For a tree with $h = 40\ m$, the characteristic time is $2\ s$. For small angles, the angle the tree makes with the vertical will be multiplied by $e$ in this time. Let's start the tree at $1^{\circ}$ so that it needs to multiply its angle by $90$ to fall. $\ln(90) = 4.5$ so the tree takes about $9\ s$ to fall.

This is mathematically an underestimate because the characteristic time increases slightly as the tree falls, but not too much. Give it a nice round $10\ s$ and you get something that matches the first YouTube video I found.

share|cite|improve this answer
i am thinking that angular acceleration is harmonic in nature. if 'θ' be the instantaneous angle made my tree with the vertical upright, then the θ¨ = g*sinθ. I think if i solve this equation from 0 to π/2 i think i will get the answer, but i, however, am not sure. – Santosh Linkha Dec 31 '10 at 7:19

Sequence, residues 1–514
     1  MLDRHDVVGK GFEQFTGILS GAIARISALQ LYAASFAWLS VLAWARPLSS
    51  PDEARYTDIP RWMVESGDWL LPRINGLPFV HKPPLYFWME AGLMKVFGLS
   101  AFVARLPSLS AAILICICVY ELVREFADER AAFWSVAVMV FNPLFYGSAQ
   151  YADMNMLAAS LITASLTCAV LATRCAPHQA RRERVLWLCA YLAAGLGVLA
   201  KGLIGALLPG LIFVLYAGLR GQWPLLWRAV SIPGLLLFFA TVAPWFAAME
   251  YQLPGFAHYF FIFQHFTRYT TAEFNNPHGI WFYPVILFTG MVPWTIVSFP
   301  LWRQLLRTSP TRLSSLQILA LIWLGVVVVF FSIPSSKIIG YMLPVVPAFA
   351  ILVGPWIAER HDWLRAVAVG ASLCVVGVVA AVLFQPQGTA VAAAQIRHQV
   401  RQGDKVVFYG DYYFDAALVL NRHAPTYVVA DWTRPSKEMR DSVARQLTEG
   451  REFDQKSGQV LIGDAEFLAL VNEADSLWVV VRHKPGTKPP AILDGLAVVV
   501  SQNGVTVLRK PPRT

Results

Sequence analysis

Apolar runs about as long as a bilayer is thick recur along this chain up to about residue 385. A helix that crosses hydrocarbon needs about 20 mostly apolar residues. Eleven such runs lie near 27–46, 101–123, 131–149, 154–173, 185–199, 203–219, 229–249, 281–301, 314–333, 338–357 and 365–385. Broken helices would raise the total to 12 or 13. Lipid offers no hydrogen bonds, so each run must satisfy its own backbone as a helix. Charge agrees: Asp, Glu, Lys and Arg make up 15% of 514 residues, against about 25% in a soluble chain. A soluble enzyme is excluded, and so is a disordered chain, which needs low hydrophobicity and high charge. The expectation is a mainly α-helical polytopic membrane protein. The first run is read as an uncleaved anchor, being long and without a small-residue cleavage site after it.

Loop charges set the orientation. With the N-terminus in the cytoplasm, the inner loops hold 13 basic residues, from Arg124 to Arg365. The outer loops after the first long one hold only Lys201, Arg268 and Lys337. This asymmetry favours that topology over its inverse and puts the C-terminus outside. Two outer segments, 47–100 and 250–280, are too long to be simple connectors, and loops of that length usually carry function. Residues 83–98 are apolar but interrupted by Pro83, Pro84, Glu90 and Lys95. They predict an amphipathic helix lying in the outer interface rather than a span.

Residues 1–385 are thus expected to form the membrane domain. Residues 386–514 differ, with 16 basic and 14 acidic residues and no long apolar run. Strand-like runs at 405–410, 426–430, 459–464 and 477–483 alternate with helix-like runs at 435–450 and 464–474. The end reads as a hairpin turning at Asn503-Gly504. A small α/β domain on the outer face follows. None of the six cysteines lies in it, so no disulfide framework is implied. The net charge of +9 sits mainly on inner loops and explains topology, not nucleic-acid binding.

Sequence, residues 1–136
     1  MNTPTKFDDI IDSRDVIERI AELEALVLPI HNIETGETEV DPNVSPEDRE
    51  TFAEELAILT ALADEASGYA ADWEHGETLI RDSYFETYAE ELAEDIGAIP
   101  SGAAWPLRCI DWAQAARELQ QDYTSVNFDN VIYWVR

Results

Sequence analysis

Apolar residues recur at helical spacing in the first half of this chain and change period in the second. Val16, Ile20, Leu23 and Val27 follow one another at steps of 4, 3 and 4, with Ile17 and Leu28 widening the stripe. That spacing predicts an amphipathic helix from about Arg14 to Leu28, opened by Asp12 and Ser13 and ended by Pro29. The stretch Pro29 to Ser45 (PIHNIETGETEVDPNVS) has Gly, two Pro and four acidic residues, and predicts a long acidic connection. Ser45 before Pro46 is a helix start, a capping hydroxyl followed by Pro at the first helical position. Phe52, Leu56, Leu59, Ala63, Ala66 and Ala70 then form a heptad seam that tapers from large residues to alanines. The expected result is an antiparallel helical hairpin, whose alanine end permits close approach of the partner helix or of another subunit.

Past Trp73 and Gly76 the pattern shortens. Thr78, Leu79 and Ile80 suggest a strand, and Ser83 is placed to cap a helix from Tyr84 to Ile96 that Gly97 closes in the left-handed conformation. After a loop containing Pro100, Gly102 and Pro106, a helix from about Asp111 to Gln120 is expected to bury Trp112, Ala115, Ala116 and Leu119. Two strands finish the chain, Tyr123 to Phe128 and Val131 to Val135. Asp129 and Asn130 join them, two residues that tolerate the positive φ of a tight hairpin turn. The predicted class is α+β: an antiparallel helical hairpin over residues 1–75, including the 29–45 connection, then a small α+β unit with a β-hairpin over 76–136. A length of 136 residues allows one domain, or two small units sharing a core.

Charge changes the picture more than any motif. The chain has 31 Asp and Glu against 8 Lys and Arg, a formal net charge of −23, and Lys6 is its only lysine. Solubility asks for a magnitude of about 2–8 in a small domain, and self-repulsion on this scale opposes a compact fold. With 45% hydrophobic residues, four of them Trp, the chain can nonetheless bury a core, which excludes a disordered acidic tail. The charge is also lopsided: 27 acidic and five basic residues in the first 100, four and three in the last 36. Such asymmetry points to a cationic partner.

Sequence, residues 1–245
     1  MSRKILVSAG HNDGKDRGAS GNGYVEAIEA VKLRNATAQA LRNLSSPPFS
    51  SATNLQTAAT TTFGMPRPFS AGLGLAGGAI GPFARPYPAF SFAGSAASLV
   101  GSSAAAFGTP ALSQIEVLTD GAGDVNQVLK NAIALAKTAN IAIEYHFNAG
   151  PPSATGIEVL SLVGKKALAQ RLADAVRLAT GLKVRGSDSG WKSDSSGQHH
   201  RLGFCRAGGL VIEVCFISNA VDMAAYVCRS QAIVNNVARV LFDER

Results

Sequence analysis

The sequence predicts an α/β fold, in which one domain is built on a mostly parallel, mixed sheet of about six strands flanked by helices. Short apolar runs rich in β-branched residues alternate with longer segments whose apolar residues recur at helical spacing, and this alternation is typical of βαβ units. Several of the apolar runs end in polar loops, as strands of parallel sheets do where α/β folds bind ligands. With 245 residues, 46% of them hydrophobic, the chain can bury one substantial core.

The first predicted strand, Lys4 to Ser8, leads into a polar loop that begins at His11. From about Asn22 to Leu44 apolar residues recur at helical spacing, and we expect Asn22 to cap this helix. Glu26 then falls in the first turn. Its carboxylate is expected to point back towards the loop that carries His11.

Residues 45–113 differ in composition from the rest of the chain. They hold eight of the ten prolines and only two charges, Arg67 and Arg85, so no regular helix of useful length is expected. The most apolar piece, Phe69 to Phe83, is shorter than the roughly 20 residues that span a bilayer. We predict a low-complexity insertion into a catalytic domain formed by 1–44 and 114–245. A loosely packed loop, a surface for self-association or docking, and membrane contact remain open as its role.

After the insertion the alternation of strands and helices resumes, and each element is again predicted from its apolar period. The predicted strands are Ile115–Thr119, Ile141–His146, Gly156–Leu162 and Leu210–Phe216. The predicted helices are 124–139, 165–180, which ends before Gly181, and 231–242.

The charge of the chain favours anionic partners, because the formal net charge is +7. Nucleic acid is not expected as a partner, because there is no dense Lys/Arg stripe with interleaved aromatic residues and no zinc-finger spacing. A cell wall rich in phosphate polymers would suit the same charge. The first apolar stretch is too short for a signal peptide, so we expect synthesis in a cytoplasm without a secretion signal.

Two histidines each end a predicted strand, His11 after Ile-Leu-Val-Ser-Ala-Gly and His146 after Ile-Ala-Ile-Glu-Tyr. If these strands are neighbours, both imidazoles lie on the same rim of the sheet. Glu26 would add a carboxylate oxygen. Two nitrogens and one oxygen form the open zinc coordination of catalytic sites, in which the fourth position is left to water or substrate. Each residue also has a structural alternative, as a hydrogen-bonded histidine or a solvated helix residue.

@explorex You should have $\ddot{\theta} = \frac{g}{l}\sin\theta$. If you start with $\theta = 0$, the solution is simply $\theta(t) = 0$, meaning the tree doesn't go anywhere. If you start from $\theta = \epsilon$, you will not get an exact expression. My answer is an approximate solution to this last equation. – Mark Eichenlaub Dec 31 '10 at 7:45
thanks mark for correction, but could you give expression for time interms of θ – Santosh Linkha Dec 31 '10 at 7:58
@explorex Roughly, $t = \sqrt{h/g}\ln\left(\frac{\theta}{\theta_0}\right)$ with $\theta_0$ the initial angle of the tree from vertical. – Mark Eichenlaub Dec 31 '10 at 8:06
-1, small angle aproximations do NOT apply here. Also a prediod is only defined when $\ddot{\theta}\propto-\theta$ (notice the minus sign). When positive you have an imaginary natural frequency. – ja72 Jan 1 '11 at 21:31